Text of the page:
Also, breakthroughs such as virtual courts which have resulted in major breakthroughs such as the verdict on the conduct of the Puri Jagganath Rath-Yatra or with regard to directing various state governments over the COVID-19 containment protocols, and speedy and effective management of the crisis through the use of indigenous solutions such as Aarogya Setu App or low-cost and reliable test kits made in India in record-time only add to this prospect of India’s contribution in restructuring the post-pandemic globalization trends as it embraces technology coupled with indigenous ingenuity, that is the new age of ‘glocalization’ as our PM has envisaged.

To determine the way forward for the people and our future as a nation, it will be inevitable for India to follow Sun Tzu’s ideology: “In the midst of chaos, there is opportunity”.



[1] India Population Report, India Country Office at a Glance, UNFPA 2019-20.


Bibliography

  1. Biswas, S. (2020, June 4). Coronavirus: How India will play a major role in a Covid-19 vaccine. BBC. https://www.bbc.com/news/world-asia-india-52363791.

  2. Press Information Bureau, Government of India (2020, May 12) Press Release. https://pib.gov.in/PressReleseDetail.aspx?PRID=1623391.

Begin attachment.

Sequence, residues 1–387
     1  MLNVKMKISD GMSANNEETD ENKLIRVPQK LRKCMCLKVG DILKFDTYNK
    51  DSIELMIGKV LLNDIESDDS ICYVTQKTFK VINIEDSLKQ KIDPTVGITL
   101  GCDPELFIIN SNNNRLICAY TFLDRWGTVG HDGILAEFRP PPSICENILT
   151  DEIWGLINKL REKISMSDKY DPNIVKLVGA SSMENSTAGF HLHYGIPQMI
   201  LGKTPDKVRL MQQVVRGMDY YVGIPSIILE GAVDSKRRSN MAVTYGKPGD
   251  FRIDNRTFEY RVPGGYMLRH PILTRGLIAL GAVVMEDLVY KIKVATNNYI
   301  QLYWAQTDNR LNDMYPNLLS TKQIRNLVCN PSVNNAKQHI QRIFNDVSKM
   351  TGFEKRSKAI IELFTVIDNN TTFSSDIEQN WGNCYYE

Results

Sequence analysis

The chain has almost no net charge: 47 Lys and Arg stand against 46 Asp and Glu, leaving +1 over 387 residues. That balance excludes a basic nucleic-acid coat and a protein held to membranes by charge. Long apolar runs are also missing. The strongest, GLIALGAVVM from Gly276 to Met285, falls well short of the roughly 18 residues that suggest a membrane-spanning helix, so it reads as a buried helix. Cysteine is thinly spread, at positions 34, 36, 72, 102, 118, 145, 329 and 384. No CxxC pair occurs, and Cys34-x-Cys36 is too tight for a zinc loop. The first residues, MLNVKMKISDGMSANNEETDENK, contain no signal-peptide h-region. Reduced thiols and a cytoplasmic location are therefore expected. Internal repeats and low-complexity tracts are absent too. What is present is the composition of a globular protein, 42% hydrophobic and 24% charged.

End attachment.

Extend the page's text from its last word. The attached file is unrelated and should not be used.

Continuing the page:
3. Ayres, A. (2018, 12 June). Press Conference, Asia Society, New York.

  4. Modi, N. (2020, 19 April). Life in the era of COVID-19. LinkedIn https://www.linkedin.com/pulse/life-era-covid-19-narendra-modi/?trackingId=ji1glU9%2BFsqOFkG8ADGZ%2Bw%3D%3D.

  5. Jugaad to YUKTI 2.0; govt launches platform to bring startups, students together to sell ideas. (2020, June 23). Financial Express. https://www.financialexpress.com/industry/sme/jugaad-to-yukti-2-0-govt-launches-platform-to-bring-startups-students-together-to-sell-ideas/2000612/.

  6. Srivastava, Shruti (2020, May 4). India makes a move on companies leaving China, offers land twice the size of Luxembourg. Financial Express. https://www.financialexpress.com/industry/companies-exit-china-after-coronavirus-india-gets-ready-to-attract-them-offers-land-larger-than-luxembourg/1947825/.


Quick Links

Contact Us

Follow Us

  • LinkedIn
  • Instagram

Law & Order 2020

All rights reserved ©️